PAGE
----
'Bernie is my friend': Warren and Sanders de-escalate campaign feud

Image: Democratic Presidential Candidates Participate In Presidential Prima
Elizabeth Warren speaks as Joe Biden and Bernie Sanders listen during the Democratic presidential primary debate on Jan. 14, 2020 in Des Moines, Iowa. Copyright Scott Olson Getty Images
Copyright Scott Olson Getty Images
By Alex Seitz-Wald with NBC News Politics
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Warren was given the chance to respond to Sanders' assertion that he did not tell her in a 2018 meeting that a woman couldn't be elected president.


DES MOINES, Iowa — The nonaggression pact between Sen. Bernie Sanders of Vermont and Sen. Elizabeth Warren of Massachusetts faced its most difficult test and held — at least for now.

The two progressive senators de-escalated a tense round of tit-for-tat exchanges between their presidential campaigns on the debate stage here Tuesday night over the charged issues of gender and electability.

Aides and supporters of both senators, who have more or less remained allies even while running against each for the 2020 Democratic presidential nomination, had accused each otherof dirty tricks and lying in recent days after a series of leaks to the media, culminating in Warren saying in a statement that Sanders once told her he didn't think a woman could win the presidency.

But when the topic came up during a debate hosted by CNN, both sought to set the issue aside and move on, even as Sanders once again denied telling Warren a woman couldn't win during a one-on-one meeting in 2018.

"As a matter of fact, I didn't say it," he said. "And I don't want to spend a whole lot of time on this, because that's what Donald Trump and maybe some in the media want."

He went on to say that he had been ready to defer to Warren and not run for president if she had decided to do so in 2016, and said he would work to elect any of the candidates on stage should he fail to win the nomination this year.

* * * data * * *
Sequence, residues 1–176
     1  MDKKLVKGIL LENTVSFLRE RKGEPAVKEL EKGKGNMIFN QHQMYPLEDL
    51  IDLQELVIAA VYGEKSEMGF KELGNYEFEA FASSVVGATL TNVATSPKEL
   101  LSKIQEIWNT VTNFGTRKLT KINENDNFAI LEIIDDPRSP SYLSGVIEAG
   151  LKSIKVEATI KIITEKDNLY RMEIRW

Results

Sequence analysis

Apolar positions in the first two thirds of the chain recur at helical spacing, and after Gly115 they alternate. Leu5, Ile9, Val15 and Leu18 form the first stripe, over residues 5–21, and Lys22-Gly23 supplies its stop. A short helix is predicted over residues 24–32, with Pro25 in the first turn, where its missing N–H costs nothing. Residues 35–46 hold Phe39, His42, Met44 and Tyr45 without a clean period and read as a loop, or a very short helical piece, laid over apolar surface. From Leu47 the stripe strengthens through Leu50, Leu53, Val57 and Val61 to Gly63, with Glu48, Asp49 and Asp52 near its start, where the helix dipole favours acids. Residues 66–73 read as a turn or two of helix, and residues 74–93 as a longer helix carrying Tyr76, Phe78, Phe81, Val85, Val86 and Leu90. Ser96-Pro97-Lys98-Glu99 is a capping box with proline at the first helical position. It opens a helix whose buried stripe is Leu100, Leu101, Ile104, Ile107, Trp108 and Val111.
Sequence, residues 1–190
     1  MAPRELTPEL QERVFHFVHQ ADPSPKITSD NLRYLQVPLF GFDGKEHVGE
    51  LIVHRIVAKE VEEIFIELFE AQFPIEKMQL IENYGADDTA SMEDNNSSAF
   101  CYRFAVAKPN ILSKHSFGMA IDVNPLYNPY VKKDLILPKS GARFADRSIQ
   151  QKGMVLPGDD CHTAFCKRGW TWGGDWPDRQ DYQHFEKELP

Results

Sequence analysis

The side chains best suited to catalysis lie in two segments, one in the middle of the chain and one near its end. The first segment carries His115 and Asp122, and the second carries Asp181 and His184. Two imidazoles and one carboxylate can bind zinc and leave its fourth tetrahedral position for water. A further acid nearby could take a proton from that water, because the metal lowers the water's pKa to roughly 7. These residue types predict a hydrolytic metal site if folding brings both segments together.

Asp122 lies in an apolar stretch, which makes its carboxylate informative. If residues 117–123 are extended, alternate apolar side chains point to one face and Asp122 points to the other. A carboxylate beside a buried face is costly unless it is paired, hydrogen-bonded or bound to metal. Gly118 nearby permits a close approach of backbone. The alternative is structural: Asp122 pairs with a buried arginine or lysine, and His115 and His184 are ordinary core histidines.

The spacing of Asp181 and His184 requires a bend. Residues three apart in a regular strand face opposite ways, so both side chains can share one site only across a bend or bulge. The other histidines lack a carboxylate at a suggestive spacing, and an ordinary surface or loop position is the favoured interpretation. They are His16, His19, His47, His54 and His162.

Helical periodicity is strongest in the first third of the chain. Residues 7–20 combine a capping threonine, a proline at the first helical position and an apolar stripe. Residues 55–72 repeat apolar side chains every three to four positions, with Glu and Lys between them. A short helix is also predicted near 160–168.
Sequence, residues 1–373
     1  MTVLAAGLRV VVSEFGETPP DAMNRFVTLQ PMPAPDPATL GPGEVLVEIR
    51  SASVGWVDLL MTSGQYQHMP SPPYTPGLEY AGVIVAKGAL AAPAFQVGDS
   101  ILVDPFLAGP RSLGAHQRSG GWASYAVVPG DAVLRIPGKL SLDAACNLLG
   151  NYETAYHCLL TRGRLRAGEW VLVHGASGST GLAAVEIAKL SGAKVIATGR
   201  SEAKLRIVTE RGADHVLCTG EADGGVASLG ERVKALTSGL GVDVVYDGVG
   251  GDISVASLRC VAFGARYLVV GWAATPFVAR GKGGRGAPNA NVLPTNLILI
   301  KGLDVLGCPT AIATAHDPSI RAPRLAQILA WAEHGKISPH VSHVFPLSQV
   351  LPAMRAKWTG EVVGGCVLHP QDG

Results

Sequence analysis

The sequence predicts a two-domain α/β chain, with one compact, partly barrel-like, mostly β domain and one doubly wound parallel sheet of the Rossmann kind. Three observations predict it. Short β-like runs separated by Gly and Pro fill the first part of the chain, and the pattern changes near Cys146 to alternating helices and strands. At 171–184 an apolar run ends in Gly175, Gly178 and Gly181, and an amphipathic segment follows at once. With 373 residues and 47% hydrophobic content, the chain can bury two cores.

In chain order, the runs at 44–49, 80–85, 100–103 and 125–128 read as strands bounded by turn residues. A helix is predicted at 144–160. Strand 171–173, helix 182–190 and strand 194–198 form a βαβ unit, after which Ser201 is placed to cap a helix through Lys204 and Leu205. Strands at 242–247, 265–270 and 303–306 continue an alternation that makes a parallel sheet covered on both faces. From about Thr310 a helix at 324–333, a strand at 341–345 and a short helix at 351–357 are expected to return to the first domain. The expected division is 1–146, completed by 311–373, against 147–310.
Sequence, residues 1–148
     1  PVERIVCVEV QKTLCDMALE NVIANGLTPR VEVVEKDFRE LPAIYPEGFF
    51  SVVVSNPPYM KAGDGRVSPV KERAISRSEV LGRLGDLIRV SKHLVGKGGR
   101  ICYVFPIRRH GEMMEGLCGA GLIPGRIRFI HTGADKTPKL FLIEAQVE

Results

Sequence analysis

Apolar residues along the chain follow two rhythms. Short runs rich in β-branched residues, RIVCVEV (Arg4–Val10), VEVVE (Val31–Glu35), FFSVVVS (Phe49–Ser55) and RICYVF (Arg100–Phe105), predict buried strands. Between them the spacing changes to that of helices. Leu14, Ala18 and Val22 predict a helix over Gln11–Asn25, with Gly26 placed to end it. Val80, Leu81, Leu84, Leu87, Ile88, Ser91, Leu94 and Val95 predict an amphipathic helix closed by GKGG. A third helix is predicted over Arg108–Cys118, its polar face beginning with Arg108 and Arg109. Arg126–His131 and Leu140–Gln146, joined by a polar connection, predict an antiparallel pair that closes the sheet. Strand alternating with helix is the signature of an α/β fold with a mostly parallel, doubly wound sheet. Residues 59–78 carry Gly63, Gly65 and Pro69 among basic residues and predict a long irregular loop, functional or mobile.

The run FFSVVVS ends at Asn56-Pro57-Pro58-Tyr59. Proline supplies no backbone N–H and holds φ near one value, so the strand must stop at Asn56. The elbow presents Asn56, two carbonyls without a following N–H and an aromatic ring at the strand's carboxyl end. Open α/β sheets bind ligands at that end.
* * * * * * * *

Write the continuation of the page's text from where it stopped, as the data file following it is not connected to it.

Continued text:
"How could anybody in a million years not believe that a woman could not become president of the United States?" he said.

Warren seemed happy to move on from Sanders, but acknowledged that many Democrats have serious doubts about whether Americans would elect a woman after Hillary Clinton's 2016 electoral college loss to President Donald Trump.

"I disagreed," Warren said of her thoughts on their reported 2018 discussion. "Bernie is my friend, and I am not here to try to fight with Bernie. But, look, this question about whether or not a woman can be president has been raised and it's time for us to attack it head on. And I think the best way to talk about who can win is by looking at people's winning record. So, can a woman beat Donald Trump?"

She went on to note that the men on stage had collectively lost 10 elections while the two women on stage —her and Minnesota Sen. Amy Klobuchar — had won every election.

And she said she was the only one who had defeated an incumbent Republican in the past 30 years.

Sanders pushed back on that, noting he ousted a Republican to win a seat in Congress in 1990, to which Warren responded that she placed her timeline within 30 years. Sanders' 1990 election is months short of being 30 years ago.

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